Preprint Review Version 1 Preserved in Portico This version is not peer-reviewed

Arthropods as Vertebrate Predators: A Review of Global Patterns

Version 1 : Received: 9 February 2020 / Approved: 10 February 2020 / Online: 10 February 2020 (05:29:27 CET)

A peer-reviewed article of this Preprint also exists.

Journal reference: Global Ecology and Biogeography 2020
DOI: 10.1111/geb.13157

Abstract

Arthropod predators preying on vertebrates is generally overlooked in ecological studies, as it is not typically observed in nature and generally considered a rare event. This is likely due to the cryptic nature of these predatory events, the relatively small size of arthropods, and the difficulty in collating published data which is scattered throughout the literature. Although arthropods are known to readily hunt and consume vertebrates, very little is known about these predatory events. In this study, a systematic literature review was conducted to provide a conceptual framework, identify global patterns, and create a searchable database of arthropod preying on vertebrates. This study represents the largest global assessment of arthropod predators and vertebrate prey with over a thousand recorded observations collated from over 80 countries across every continent except Antarctica, where no arthropod predator exists. Arthropod predators were represented by six classes (insects, arachnids, centipedes, and crustaceans: Malacostraca, Ostracoda, Hexanauplia) and over 80 families. Vertebrate prey were represented by five classes (birds, mammals, reptiles, amphibians, fish) and 160 families. The most common prey were frogs consisting of over a third of all observations. The most commonly preyed reptiles were nearly all lizards, half of mammal prey were bats, nearly a third of fish were Cypriniformes, and half of bird prey were passerines. Spiders represented over half of all predatory events found and were the main predator for all vertebrates except birds, which were preyed mostly upon praying mantises. However, prey varied between spider families. For insects, true bugs (Hemiptera) and beetles preyed mostly on amphibians while the aquatic Odonata larvae preyed on amphibians and fish. Decapod predators were observed preying equally between reptiles, birds, and amphibians; with centipedes preying mainly on reptiles and mammals. Predation was mostly recorded from the Americas and Australia, with countries and regions varying between predator and prey groups. This study demonstrates that arthropods are indeed an overlooked predator of vertebrates. Recognizing and quantifying these predator-prey interactions is vital for identifying patterns and the potential impact of these relationships on shaping vertebrate populations and communities. Understanding the possible threat of arthropod predators may be especially important to improve the success of conservation efforts by accounting for predators which may currently be overlooked.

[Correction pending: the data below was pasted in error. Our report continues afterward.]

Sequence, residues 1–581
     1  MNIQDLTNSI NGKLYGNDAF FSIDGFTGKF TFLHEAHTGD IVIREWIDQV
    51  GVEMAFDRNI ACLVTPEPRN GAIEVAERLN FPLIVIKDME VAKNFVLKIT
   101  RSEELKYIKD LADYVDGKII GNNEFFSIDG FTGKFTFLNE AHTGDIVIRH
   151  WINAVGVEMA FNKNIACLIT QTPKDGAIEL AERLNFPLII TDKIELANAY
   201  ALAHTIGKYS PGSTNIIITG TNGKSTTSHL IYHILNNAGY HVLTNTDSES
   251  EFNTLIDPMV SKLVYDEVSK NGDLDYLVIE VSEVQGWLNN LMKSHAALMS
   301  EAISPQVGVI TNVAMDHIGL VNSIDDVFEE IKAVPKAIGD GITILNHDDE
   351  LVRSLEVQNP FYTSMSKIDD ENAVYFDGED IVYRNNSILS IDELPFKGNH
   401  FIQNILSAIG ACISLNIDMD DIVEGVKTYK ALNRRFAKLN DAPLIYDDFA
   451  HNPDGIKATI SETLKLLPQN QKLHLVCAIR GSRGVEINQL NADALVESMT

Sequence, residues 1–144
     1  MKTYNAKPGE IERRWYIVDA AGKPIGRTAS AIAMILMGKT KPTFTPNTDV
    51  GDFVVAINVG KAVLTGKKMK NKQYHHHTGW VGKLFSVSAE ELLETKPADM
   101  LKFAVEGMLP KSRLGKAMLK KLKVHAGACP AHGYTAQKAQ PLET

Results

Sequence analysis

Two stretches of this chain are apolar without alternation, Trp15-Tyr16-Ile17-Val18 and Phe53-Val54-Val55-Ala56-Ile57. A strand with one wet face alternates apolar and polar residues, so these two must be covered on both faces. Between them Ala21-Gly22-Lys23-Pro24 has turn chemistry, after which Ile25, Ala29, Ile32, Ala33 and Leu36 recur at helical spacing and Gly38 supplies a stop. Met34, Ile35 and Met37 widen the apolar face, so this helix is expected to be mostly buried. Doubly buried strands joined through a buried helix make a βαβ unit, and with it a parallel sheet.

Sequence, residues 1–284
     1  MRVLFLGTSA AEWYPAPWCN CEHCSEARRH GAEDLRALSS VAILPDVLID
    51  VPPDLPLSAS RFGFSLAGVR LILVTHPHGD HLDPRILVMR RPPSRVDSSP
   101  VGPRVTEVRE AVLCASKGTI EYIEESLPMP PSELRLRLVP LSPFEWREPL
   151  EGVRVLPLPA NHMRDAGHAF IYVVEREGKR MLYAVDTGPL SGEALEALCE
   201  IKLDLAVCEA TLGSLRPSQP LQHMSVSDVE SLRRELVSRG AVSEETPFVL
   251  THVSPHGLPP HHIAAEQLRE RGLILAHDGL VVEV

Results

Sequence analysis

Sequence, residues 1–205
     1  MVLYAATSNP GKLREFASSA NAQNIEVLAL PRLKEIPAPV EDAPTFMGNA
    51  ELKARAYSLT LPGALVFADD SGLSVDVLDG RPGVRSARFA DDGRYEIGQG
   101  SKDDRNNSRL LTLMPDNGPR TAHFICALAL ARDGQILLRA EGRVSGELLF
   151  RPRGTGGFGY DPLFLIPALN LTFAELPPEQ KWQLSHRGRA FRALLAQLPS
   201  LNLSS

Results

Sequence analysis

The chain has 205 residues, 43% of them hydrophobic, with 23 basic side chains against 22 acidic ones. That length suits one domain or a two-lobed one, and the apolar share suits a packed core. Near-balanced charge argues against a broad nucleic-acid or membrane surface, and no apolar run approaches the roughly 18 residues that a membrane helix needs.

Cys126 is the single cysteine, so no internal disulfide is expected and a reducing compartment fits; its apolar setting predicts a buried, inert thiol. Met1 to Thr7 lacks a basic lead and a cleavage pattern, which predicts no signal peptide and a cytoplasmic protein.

Subject Areas

predator-prey; insects; arthropods; entomology; herpetology; species interactions; predation

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